Wednesday, October 13, 2010

Mind Your Business

The Junior High girls soccer team I coach had a big rivalry game last week.  Our team was the defending champs, facing the team that has played us for the championship the past 3 years.

We pulled up to the field of the opposing team and saw them practicing on the field, getting ready for the game.  By the time we had exited the bus, gathered our equipment and made our way out to the field, they were gone!  Nowhere to be found.  As the girls set their belongings down beside the field, we discovered what happened to the other team.

With a roar, they came running out of the school toward the field screaming and waving their arms (Braveheart Style).  They then proceeded to try to intimidate our girls in every way possible throughout the 1 hour warm-up period:  screaming chants, lining up single-file with arms crossed at mid-field while staring down our team, and leaving the field 2 more times to re-enter with more screaming.

The girls on my team didn't know how to respond.  "What are they doing?"  "Why are they acting so crazy?"  "Coach, they're really pumped up, we've got to do something!!"  Panic was setting in.  The intimidation was working.

The way I saw it, we had 2 choices:  Respond in kind, or keep doing things the way that's helped us be successful.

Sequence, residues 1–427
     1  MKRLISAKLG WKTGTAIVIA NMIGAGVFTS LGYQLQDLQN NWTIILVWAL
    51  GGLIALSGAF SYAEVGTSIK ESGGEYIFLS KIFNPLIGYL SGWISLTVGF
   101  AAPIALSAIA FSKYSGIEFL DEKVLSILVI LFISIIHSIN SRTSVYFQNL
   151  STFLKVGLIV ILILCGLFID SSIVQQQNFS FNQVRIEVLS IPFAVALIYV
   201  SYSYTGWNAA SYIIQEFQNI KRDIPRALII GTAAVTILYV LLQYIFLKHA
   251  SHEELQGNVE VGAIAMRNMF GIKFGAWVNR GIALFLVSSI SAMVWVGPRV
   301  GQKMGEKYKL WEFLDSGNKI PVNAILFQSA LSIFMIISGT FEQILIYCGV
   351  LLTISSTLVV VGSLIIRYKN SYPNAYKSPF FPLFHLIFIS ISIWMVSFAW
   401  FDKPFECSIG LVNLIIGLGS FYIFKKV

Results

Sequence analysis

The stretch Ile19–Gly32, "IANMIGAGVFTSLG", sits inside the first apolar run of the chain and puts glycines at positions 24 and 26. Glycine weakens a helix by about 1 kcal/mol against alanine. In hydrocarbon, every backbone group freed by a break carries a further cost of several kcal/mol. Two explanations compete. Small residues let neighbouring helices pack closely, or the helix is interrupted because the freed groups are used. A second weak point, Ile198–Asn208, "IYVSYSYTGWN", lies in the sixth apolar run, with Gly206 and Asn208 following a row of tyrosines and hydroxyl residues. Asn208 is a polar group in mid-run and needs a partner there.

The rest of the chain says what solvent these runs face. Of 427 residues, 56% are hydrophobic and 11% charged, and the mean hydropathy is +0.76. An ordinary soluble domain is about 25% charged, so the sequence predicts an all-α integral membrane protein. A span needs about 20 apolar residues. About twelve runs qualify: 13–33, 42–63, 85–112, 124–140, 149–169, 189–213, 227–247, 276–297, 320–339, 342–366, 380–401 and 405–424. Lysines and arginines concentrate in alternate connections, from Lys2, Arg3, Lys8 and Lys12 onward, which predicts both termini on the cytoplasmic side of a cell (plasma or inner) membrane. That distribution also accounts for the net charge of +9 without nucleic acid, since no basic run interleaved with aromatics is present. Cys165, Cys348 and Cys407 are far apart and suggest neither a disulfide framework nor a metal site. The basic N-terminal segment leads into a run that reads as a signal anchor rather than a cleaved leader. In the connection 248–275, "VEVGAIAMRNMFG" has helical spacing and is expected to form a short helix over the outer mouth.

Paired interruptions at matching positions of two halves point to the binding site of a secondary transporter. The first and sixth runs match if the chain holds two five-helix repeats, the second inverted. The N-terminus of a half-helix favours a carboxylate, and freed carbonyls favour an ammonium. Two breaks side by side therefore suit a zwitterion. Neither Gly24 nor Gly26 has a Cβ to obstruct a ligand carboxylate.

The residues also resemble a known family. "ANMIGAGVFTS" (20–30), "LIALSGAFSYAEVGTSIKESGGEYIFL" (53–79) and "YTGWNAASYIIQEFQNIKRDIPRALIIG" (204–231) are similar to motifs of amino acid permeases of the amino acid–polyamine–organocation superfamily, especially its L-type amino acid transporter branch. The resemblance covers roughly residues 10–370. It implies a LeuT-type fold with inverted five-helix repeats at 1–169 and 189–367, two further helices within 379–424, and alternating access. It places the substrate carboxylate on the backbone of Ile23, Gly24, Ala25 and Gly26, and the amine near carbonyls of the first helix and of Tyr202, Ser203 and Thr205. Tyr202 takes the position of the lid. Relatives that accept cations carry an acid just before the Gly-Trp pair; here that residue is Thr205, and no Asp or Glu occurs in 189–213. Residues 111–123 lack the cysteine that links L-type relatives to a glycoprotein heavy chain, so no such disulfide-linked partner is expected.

And so I begged our girls:  "Mind your business.  Ignore them.  Just be yourself and do the things that got you here.  If you change to respond to them, then you won't be playing your kind of soccer."

This greatly parallels the experience of the Christ-follower.  We are given a formula for success:  the imitation of Christ (1 Cor 11:1).  As long as we continue in the imitation of Christ (loving our neighbor, sharing the good news of God's grace, embracing those who are weak) we will always be on the right track, regardless of the changing circumstances around us.

Recently, I have had several conversations with other Christians and received email forwards that aim to alert Christianity to the dangers of the movement of Islam.  They point out the fundamentalists who push for jihad and talk about how Islam desires to take over our country.  The implication is that we should be aware, alert, and afraid, so that we can fight against the coming "enemy".

But what is the point of this?  Does this skeptical/judgmental vigilance of "the other team" really help me to be more effective in my imitation of Christ?  Does suspecting my Muslim neighbor might really have faith-based political motives help me to love him or others better?

Or does it cause me to adjust my game?  Do I change my pursuit of faithful living to adjust for the new worries that surround me?  Does it cause me to judge my neighbor at the expense of loving them?  Does it cause us to pursue effectiveness at the expense of faithfulness?

Jesus was once asked if the Jewish people should pay taxes to the godless Caesar.  Jesus took the coin bearing Caesar's image and responded, "Give to Caesar what belongs to Caesar, and give to God what belongs to God (Luke 20:20-25)."  Translated, "focus on your purpose with God, and don't pick fights that don't need to be picked."